Contrary to what you may have heard, the web creates all kinds of new opportunities for artists – as long as they choose to engage with their fans and markets. Making money is about business, after all, but the positive thing about choosing to engage yourself is that you get to decide where the line between art and commerce sits. Everything is put in your hands.
My sister is a local-scale musician. She streams her work-in-progress songs for free from Soundcloud, sells her album from Bandcamp, promotes via Facebook and Twitter.
She’s also an ecologist by profession, which means that her music can afford to be a little quirkier (and occasionally strays into diurnal migration strategies). Uncommercial? Not necessarily: a Facebook app called Hear It Local allows anyone to book her for a house concert:
Of course, you might not have the resources to book a band to play in your living room (although I note that Hannah’s decided not to list a minimum amount). No matter; you can crowdfund the gig, and build attendance in the process:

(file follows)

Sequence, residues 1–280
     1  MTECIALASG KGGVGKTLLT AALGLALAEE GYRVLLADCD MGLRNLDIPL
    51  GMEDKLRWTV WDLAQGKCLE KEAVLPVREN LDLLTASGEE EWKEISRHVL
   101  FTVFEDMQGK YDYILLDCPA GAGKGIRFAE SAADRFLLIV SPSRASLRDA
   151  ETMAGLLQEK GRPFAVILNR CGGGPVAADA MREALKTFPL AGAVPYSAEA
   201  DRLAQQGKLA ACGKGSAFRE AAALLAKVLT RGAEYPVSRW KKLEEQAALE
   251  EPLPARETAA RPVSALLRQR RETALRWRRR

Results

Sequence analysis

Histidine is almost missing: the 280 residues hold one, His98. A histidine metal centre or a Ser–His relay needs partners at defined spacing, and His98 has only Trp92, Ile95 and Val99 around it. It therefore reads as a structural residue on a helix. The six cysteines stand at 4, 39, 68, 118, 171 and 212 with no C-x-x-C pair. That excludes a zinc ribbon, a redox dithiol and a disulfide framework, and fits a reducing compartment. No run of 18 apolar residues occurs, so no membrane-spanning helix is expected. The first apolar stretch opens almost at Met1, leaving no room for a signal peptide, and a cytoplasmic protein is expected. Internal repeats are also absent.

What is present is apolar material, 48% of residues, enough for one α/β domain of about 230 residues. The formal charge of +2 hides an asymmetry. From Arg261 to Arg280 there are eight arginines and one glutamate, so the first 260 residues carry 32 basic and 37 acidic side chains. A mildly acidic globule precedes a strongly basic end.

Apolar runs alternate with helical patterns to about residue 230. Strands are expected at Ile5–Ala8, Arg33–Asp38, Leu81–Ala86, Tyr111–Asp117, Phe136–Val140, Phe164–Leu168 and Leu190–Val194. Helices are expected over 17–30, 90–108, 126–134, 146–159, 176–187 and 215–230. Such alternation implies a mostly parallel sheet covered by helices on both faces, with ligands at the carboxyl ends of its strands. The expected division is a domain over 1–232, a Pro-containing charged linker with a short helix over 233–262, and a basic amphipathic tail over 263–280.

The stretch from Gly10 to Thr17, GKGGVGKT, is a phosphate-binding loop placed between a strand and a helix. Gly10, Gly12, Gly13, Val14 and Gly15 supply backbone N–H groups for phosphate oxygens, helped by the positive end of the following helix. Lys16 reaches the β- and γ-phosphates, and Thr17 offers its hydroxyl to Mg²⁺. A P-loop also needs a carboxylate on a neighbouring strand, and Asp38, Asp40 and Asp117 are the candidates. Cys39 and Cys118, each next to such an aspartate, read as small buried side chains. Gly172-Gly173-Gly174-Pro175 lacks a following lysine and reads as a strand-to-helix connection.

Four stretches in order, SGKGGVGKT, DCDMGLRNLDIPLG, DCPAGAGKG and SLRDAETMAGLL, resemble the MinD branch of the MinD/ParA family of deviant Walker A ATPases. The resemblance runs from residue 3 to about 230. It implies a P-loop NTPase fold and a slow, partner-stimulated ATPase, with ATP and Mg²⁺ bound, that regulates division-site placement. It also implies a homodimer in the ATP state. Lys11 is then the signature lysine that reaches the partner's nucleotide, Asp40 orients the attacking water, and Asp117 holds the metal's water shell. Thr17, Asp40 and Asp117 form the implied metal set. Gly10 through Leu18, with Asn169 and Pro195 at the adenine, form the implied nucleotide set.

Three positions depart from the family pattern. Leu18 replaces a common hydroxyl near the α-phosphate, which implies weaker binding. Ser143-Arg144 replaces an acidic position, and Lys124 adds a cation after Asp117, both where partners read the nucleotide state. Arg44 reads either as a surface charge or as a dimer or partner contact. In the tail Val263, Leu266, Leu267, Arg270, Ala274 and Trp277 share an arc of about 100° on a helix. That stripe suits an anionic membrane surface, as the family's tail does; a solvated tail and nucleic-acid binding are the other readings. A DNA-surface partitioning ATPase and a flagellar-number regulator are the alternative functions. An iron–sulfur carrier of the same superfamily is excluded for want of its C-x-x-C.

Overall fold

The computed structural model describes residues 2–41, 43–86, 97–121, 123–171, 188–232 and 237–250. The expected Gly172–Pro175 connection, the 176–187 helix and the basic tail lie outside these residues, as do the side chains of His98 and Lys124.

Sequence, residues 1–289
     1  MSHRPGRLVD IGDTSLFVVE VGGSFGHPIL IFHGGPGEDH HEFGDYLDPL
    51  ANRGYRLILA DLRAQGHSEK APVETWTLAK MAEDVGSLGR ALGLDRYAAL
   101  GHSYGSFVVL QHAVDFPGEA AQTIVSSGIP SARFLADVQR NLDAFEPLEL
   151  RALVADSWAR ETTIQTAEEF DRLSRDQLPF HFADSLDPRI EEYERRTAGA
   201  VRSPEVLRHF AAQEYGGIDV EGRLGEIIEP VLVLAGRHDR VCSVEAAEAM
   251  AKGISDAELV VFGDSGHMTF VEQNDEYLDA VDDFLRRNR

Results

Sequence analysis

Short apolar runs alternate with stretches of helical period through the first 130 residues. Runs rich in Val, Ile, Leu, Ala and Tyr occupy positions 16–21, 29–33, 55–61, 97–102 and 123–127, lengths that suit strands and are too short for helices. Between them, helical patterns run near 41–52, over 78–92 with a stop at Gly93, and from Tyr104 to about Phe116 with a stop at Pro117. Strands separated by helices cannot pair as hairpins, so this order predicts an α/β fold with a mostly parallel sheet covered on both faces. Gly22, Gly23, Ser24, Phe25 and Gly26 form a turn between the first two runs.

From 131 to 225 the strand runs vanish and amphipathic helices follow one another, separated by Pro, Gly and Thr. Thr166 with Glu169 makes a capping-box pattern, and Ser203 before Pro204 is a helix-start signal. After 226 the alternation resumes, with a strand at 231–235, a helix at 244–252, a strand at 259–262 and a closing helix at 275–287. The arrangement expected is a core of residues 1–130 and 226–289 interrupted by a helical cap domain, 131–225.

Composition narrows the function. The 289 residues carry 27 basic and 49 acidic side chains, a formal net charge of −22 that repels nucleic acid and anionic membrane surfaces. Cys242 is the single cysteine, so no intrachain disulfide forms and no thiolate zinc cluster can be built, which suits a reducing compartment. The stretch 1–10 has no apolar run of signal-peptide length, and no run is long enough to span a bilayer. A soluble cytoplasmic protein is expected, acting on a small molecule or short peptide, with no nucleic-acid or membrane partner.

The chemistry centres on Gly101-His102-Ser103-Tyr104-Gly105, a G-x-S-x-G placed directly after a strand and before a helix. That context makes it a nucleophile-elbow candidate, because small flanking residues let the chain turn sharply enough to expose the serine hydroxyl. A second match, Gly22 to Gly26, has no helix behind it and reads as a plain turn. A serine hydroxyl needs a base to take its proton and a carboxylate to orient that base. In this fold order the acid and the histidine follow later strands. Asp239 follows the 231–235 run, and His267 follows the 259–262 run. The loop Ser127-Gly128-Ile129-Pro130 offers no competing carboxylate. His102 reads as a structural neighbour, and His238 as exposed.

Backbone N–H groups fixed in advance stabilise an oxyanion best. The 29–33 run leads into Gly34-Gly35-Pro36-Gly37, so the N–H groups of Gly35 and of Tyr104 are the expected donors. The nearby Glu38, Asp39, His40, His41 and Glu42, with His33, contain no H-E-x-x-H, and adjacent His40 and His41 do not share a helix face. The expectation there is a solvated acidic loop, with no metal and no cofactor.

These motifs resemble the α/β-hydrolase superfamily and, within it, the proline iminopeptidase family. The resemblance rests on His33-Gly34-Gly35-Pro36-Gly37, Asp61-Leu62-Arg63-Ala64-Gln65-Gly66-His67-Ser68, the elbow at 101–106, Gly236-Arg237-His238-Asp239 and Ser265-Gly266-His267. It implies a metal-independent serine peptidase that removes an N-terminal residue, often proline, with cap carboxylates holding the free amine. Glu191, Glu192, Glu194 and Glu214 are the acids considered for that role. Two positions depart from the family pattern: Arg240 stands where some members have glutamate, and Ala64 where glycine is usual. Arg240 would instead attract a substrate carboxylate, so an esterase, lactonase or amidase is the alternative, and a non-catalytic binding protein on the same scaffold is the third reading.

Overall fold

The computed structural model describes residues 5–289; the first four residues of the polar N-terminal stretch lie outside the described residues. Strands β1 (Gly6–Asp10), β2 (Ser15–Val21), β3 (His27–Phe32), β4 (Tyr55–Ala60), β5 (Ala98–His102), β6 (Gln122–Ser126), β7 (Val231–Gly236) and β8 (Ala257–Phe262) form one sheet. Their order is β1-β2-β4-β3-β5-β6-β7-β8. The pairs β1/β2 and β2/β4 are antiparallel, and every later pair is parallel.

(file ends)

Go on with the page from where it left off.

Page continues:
These grassroots tools are a natural fit for the web, and change the game for smaller artists like Hannah. They can use them to power their own gig-related campaigns, or they could build a fanbase that could invite them to come and play in a particular location. (I know that the Canadian startup Sceneverse intends to take this to the nth degree; they’re worth watching.)
Just as there’s no need for all startups to be the next Facebook, there’s no need for all artists to be the next Madonna. These kinds of tools serve the spectrum in-between, allowing smaller, riskier artists – the ones that might have had to compromise to be picked up by traditional mass-market distribution methods – to earn good incomes from their art. That can only be a good thing for all of us.